Squire. They are the counterparts of one sentiment, that which we call the sentiment of chivalry. You always recognize that sentiment with prompt alacrity. The spontaneous and heartfelt reverence for woman which we call chivalry is not given to all men, not even to all good men; nor do all women seem to feel the need for it strongly, though no doubt all are pleased when such worship is shown them. I suppose it can never be wholly wanting in the love of the young; but with some men it seems transient, and sometimes it degenerates into a foolish gallantry, or, still worse, into that detestable combination of outward respect and inward contempt which Lord Chesterfield held to be the proper attitude of a gentleman. But I know that you are, and will be till death, a true knight among ladies. Then as to the counterpart in the woman’s vow of obedience. There are many forms and many degrees of that obedience; and every woman must judge, and every good woman will judge rightly, what these must be in her own case. You may study them all in Shakespeare, in every variety; no two alike, but all very beautiful. I will give you one, that of Portia, in The Merchant of Venice,— Portia, the rich heiress, mistress of herself and her wealth, self-possessed and self-asserting, whom we may suspect of being half conscious of her own intellectual superiority to the worthy and amiable man whom she has chosen to take for her husband, and of whom she makes fun with saucy boldness, while she is getting him and his friend out of a difficulty beyond their wit to cope with. This is how Portia gives herself to Bassanio : —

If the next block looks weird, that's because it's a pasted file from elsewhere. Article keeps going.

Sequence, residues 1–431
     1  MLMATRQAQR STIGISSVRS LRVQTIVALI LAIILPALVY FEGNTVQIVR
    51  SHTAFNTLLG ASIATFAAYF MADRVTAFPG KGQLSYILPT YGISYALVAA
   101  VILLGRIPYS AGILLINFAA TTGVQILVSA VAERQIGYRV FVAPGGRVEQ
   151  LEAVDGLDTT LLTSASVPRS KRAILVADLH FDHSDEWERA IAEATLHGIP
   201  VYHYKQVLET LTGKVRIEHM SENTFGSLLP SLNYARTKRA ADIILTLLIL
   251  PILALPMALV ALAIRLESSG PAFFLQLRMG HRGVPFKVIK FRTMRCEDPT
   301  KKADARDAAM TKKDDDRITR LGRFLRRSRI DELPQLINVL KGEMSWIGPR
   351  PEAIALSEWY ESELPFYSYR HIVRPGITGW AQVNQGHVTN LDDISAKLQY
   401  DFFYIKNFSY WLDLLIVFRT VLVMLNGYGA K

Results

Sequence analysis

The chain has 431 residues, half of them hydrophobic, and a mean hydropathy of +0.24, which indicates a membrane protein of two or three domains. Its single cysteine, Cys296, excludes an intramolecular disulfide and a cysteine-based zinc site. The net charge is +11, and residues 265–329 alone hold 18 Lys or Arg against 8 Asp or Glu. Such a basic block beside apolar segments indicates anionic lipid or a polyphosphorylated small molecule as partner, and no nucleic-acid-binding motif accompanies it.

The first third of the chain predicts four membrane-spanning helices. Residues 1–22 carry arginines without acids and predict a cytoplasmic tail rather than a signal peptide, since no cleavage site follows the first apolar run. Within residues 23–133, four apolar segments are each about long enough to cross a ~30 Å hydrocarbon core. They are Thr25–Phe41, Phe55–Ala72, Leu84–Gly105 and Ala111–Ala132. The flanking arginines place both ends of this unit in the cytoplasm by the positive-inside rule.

“ You see me, Lord Bassanio, where I stand,
Such as I am ; though for myself alone
I would not be ambitious in my wish,
To wish myself touch better, yet for you,
I would be trebled twenty times myself,
A thousand times more fair, ten thousand times more rich,
That only to stand high in your account,
I might in virtues, beauties, livings, friends,
Exceed account; but the full sum of me
Is sum of nothing: which to term in gross,
Is an unlessoned girl, unschool’d, unpractised,
Happy in this, she is not yet so old
But she may learn; happier then in this,
She is not bred so dull but she can learn;
Happiest of all is that her gentle spirit
Commits itself to yours to be directed,
As from her lord, her governor, her king.
Myself and what is mine to you and yours
Is now converted. But now I was the lord
Of this fair mansion, master of my servants,
Queen o’er myself: and even now, but now,
This house, these servants and this same myself
Are yours, my lord. I give them with this ring,
Which when you part from, lose or give away,
Let it presage the ruin of your love
And be my vantage to exclaim on you.”

The whole scene is, Indeed, a perfect picture of true love. — love at once passionate and pure, as modest and as chaste as it is without reserve.